How to Change Career from Accounting to Technology: 5 Practical Steps

I recently supported my brother in transitioning from an accountant to an IT Business Analyst within three months. He got tired of accounting and wanted a more challenging role that would help him achieve his financial ambitions. He now earns triple his earnings as an accountant and is much happier.

So what do you do when you want to transition from accounting to technology? First, validate that a career in technology is what you want, then decide what type of technology career you want. Connect with other professionals with a similar background and build the foundational knowledge in your chosen technology career path. Acquire new work experience, update your professional brand assets and position yourself for your new role.

Now, technology might seem very different from accounting, but you might be surprised at how some of the skills and experiences you’ve gained as an accountant over the years can help you in transitioning to a career in technology.

Read on as I break down the steps to a successful career change from accounting to technology and some alternate career paths in technology that are more relevant to someone with an accounting or finance background.

5 Steps to take to Transition from Accounting to Technology 

With the accounting expertise that you already have, you can transition from accounting to technology through the following steps;

#1. Validate your new career choice

It is essential that you validate your career choice in technology before you invest all the time, energy, and resources to chase this path.

This is important because if, for example, you are leaving your career in accounting because it is too analytical, you will not have fun in an IT career that requires lots of analytical thinking.

The best way to do this is to make sure you know your priorities and clearly state them. In a way, it’s like dating. Everyone (I think ) has their must-haves and must-not-haves in a partner.

People who are happy with their work are very clear with their priorities and values and make sure their career fits around those priorities. The people who are unhappy with their situations have a disconnect.

Validating your career path means that you are sure that it is the path that you want and are willing to devote the energy and effort to transition into this role.

After my Ph.D., I was pretty sure that a career in academics was not for me. But I wasn’t sure what to do next.

I spent some time doing some self-reflection where I listed my priorities, goals, and values. At the time, my number one priority was money because I had spent four years as a Ph.D. student and felt I had a lot of financial grounds to recover. 😉

Also, work-life balance was important because I had a very young family, and I wanted to be around them. This ruled out a career in consulting, which I was strongly considering.

I eventually ended up with a career map that led me into a career in technology as a Business Analyst, and I have never looked back.

I distilled the process into a career validation map that I share freely with anyone who is thinking of a new career path.

Use my career validation map to validate that a career in technology is right for you

Brian Tracy once said Just as your car runs more smoothly and requires less energy to go faster and farther when the wheels are in perfect alignment, you perform better when your thoughts, feelings, emotions, goals, and priorities are in balance.

#2. Speak to other IT professionals (especially with accounting background):

Like I said in the introduction, there are other professionals who were formerly accountants and are now IT professionals.

One thing I found incredibly useful was reaching out to other professionals who had gone through a similar path as myself. I highly recommend you do the same.

This is useful because it further validates your choice of career in IT and also uncovers nuggets that you wouldn’t get from elsewhere. Such as how to position yourself.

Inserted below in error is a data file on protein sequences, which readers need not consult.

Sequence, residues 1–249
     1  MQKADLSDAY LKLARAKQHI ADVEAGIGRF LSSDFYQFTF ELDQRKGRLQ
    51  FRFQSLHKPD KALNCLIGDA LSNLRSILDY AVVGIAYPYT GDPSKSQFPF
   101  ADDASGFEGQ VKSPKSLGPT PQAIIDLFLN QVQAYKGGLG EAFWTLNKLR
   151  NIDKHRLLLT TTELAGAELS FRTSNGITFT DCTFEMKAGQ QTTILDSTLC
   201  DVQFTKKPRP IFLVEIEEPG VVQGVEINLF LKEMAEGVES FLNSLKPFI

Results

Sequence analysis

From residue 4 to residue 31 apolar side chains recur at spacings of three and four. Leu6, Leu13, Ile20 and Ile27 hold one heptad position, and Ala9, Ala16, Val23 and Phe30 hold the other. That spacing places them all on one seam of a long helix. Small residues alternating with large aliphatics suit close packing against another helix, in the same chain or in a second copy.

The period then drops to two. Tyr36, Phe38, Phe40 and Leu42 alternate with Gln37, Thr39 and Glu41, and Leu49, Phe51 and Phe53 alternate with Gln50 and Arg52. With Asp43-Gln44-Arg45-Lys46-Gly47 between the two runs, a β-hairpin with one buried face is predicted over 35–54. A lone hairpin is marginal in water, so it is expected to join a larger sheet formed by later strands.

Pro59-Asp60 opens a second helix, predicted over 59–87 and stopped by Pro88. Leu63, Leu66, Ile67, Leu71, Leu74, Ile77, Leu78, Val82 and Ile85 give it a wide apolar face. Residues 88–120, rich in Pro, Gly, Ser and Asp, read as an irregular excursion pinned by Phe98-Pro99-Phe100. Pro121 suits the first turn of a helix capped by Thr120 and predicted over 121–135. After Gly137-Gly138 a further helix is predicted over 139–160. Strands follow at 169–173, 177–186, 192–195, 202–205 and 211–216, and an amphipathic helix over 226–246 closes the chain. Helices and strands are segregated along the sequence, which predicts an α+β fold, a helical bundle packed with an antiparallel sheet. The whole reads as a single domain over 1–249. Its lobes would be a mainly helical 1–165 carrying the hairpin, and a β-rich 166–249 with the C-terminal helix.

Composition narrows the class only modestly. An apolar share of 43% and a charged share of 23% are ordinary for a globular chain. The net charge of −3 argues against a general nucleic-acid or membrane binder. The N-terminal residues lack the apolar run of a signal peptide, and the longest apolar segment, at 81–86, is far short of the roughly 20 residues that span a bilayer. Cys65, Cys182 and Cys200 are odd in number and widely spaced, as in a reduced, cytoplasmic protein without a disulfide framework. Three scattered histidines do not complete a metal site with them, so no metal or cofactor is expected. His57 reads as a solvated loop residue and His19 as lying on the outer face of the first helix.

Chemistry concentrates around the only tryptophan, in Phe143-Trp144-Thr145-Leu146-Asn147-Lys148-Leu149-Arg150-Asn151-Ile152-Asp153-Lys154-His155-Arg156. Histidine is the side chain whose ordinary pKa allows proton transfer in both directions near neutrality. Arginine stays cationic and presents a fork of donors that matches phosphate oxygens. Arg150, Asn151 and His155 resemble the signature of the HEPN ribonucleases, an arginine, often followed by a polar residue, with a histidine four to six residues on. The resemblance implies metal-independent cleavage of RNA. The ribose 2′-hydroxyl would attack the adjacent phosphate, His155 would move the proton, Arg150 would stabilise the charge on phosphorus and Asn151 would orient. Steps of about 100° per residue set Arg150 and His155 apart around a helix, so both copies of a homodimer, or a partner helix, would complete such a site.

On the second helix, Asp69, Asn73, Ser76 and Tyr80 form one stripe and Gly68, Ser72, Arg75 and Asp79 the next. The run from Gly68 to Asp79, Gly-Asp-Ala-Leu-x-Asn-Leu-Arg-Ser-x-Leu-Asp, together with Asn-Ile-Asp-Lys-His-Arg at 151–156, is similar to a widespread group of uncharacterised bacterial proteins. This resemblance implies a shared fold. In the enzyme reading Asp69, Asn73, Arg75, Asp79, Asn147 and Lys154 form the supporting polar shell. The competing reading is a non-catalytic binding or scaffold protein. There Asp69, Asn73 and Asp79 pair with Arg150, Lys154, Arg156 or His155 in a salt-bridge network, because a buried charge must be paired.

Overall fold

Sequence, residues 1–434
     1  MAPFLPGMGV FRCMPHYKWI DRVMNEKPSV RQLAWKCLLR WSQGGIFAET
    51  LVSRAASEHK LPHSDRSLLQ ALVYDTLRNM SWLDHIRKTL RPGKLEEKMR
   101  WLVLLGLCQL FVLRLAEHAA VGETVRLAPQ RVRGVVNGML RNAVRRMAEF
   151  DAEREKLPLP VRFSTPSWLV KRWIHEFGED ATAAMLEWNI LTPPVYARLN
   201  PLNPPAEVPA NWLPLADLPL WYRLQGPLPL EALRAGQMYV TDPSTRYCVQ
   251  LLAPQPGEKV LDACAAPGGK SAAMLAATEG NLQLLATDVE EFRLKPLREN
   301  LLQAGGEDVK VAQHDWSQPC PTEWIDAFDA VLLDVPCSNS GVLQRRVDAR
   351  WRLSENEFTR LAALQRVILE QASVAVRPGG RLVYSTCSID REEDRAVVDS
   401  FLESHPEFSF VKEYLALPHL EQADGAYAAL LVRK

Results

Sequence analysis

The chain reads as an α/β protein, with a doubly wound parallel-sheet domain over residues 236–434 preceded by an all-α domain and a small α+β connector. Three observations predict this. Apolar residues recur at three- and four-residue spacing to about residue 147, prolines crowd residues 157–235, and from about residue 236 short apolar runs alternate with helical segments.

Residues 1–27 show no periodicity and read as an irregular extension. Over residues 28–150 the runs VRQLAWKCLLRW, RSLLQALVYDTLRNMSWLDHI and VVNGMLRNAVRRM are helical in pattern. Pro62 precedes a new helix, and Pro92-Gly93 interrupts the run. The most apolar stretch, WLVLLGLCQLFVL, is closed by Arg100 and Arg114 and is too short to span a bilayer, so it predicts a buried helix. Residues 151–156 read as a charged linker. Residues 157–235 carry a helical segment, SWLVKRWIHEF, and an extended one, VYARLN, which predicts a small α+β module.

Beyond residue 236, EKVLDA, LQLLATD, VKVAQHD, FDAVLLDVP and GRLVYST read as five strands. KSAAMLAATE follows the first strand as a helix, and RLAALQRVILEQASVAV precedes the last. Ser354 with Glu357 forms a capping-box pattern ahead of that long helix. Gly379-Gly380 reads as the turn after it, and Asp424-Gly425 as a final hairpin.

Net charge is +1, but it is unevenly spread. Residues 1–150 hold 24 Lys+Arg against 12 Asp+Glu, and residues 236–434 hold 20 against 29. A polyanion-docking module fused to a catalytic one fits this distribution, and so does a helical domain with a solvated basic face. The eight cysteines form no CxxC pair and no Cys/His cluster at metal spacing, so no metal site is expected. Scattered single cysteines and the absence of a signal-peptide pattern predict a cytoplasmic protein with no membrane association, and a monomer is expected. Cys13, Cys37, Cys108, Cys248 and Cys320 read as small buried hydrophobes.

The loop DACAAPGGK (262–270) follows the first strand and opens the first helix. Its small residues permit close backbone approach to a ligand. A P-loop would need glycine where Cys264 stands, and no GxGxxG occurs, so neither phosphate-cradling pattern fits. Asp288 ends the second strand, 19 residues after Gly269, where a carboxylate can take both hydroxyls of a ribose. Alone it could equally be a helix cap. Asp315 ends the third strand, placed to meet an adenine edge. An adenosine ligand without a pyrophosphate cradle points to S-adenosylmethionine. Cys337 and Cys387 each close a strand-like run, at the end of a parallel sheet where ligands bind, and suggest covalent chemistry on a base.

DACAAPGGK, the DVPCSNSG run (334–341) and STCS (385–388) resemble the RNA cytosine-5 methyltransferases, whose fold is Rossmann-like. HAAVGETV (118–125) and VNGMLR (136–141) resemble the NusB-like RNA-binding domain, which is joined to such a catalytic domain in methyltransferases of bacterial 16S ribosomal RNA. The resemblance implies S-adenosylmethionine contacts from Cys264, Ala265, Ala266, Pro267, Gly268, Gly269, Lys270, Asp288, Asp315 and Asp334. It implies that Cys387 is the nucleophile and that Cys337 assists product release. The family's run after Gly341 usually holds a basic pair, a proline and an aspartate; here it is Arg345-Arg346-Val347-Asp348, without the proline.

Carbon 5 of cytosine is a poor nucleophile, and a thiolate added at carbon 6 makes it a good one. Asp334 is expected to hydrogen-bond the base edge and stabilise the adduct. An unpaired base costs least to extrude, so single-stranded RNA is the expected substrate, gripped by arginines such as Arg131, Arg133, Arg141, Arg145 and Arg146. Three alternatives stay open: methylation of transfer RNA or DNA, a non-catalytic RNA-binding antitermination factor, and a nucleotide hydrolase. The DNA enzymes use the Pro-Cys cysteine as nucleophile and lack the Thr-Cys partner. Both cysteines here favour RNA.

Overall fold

It is also always valuable to increase your network as you never know where that opportunity could lead you.

On the other hand, you might find out through the personal experience of someone else that isn’t quite all Rosey in IT land. Learn from others’ mistakes (my dad always said!)

Find IT professionals with your type of experience and background and connect with them. People are generally nice and willing to share their knowledge or experience if you ask. They probably were in your shoes a few years back and would completely understand your request.

You might be wondering where and how to find these people. Start with LinkedIn.

I explain below:

Linkedin image of BA with accounting background search
  • Search for your target IT career e.g. Business Analyst in the search field.
  • Click All Filters to open all the filter fields.
  • Include your location (optional)
  • In the school section, tick off ACCA and CIMA or just one of them.

You essentially are asking LinkedIn to show you people who are currently Business Analysts and have ACCA or CIMA qualifications. From my brothers’ experience, I know ACCA and CIMA are highly rated professional accreditations for accountants and professionals deeply involved with finance.

#3. Build foundational knowledge in Technology

Technology is a vast field, and even when you have identified the path in technology you want to go down, it is highly likely that you lack the fundamental knowledge to perform the role.

A good step to take next is to build up that grassroots knowledge in your chosen tech role.

For example, if you want to take a job as a web developer in technology, you’d need to learn fundamental skills such as HTML, CSS, and JavaScript.

These are skills that experience in accounting may not give you. Getting and building the right foundational knowledge is a good way to start your career in technology. 

There are many places you can go to begin to build that fundamental knowledge, but a good place I always recommend to start is Udemy because it is inexpensive.

#4. Identify and package your transferable skills

As an accountant, you possess skills that are going to be valuable to your career in IT.

Some outstanding skills that accountants possess include:

  • Problem solving
  • Attention to detail
  • Communication
  • Proficiency in IT
  • Analytical ability

Package up those skills to fit in your role in technology so that you can project yourself as an experienced and valuable applicant.

The transferable skills that you have might have been used for a different role and purpose in accounting, but you must show how these skills can be realigned to fit in technology.

#5. Acquire new work experience

Most employers will want to see that you have relevant technical experience and not just transferable skills from your previous career.

As a result, you would have to get the tech experience needed for the job.

Here are some ideas on how to quickly gain new work experience

Ways to get experience in technology

A. Take up a tech role in your company

So many people who transitioned from accounting to tech have mentioned that they apply for tech roles in their company when they feel like changing careers.